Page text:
Learning Challenges

When Hybrid Learning Causes More Harm Than Good: School Options for ADHD Families

“Going back to school, even if only in a hybrid capacity, disrupts the ‘new normal.’ Students, teachers, and parents are, once again, expected to get used to new and changing schedules and systems. Students with ADHD are disproportionately impacted by these changes. Would your child benefit from staying in an alternative learning situation for the rest of the school year?”

Bored schoolboy from online classes. Back to school. Tired of homework. Education and back to school concepts
Bored schoolboy from online classes. Back to school. Tired of homework. Education and back to school concepts

The Transition to In-Person Learning Does Not Benefit All Students

As more schools open up for in-person and hybrid learning, many parents, educators, and child health experts are thrilled. They believe that going back to school in person, even part-time, is the best solution to the various mental health, social, and academic issues facing kids in grades K-12 right now.

While this may be true for most children, many students with ADHD are suffering right now. Returning to school, even in a hybrid capacity, is a poor fit for their needs — namely for consistency, routine, and predictable supports. Despite good intentions, hybrid learning is disrupting every area of their lives. For these students with ADHD, completing the school year in a non-traditional learning program may bring short-term academic gains and set them up for success in the future.

Students with ADHD Have a Complicated Relationship with Traditional Schooling

Many people believe that the best learning always takes place in a school setting. However, research shows us this is not the case. Kids start learning at home from their parents, siblings, and caregivers from birth. By the time children start nursery school or kindergarten, they have already gained knowledge and skills from a wide range of people, places, and experiences. Our ability to learn in different settings and situations does not go away once we officially start school.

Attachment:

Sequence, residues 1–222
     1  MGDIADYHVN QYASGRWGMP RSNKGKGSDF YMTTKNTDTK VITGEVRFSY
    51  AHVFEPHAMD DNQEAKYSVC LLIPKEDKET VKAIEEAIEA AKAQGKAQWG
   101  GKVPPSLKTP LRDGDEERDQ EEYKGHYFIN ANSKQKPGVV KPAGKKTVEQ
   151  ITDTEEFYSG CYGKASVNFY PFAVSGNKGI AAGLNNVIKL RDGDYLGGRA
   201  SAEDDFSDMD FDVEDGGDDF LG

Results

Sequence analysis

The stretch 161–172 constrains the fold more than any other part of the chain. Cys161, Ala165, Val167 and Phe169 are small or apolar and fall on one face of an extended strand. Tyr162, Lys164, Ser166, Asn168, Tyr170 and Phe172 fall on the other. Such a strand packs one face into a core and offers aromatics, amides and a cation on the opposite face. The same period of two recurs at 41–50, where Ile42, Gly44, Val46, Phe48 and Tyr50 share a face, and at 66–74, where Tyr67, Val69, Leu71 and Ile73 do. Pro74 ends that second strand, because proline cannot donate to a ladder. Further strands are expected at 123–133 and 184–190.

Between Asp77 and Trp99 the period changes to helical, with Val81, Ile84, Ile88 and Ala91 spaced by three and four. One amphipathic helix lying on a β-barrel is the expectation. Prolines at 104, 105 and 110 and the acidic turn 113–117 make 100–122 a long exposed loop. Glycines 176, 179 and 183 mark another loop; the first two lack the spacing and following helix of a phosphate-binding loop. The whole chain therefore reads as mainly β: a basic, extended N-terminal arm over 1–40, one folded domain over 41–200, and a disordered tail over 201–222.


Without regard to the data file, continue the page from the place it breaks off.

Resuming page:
Students with ADHD and executive functioning deficits often have a complicated relationship with traditional school systems. On one hand, the structure, schedules, deadlines, and accountability from authority figures help to keep them focused and moving forward. However, students with ADHD often struggle at school when work and deadlines pile up, when they can’t ‘reset’ between classes, when they encounter a lack of flexibility regarding time on tests and deadlines, and when educators place an emphasis on learning in one way. As a result, students with ADHD tend to struggle with mood disorders, anxiety, anger, social issues, and poor self-esteem once the workload and expectations exceed what they can handle. We also see a large spike in the negative impact of ADHD on school performance during middle school and high school, when hormones, pressure to participate in extracurricular activities, and relationships make focusing on academics even more difficult.

[Additional Reading: When Distance Learning Meets ADHD]

The Pandemic Proved That Kids Can Thrive in Diverse Educational Settings

When schools switched to online learning in the spring of 2020, many parents feared the worst. Yes, many families struggled to manage this new set up and/or school districts fell short in providing useful ways to learn under extreme stress. However, many students who typically struggle in a regular school setting, including kids with ADHD, thrived. They did well because they were more comfortable at home and could create situations and settings where they were able to learn better than they had in school.

While at home, many students with ADHD and other neurodevelopmental disorders were able to learn better and decrease their overall anxiety due to a combination of factors including:

  • Sleeping longer hours
  • Taking movement breaks during and in between classes
  • Sitting on beds, floors, cushions, couches, and other surfaces that helped them feel more comfortable than a traditional school desk
  • Eating and drinking whenever they needed to
  • Dealing with fewer distractions such as large crowds, noises, smells, and multiple transitions
  • Taking breaks to deal with the stress of having to concentrate for long periods

Going back to school, even if only in a hybrid capacity, disrupts this ‘new normal.’ Students, teachers, and parents are, once again, expected to get used to new and changing schedules and systems. Students with ADHD are disproportionately impacted by these changes. We know that kids, teens, and adults with ADHD struggle with change and usually need more time and support to adjust. Additionally, having to keep track of the logistics involved in hybrid schooling (e.g., alternating schedules, going back and forth between online and in-person learning, keeping track of papers and books) impacts their ability to take advantage of any benefits that situation might provide.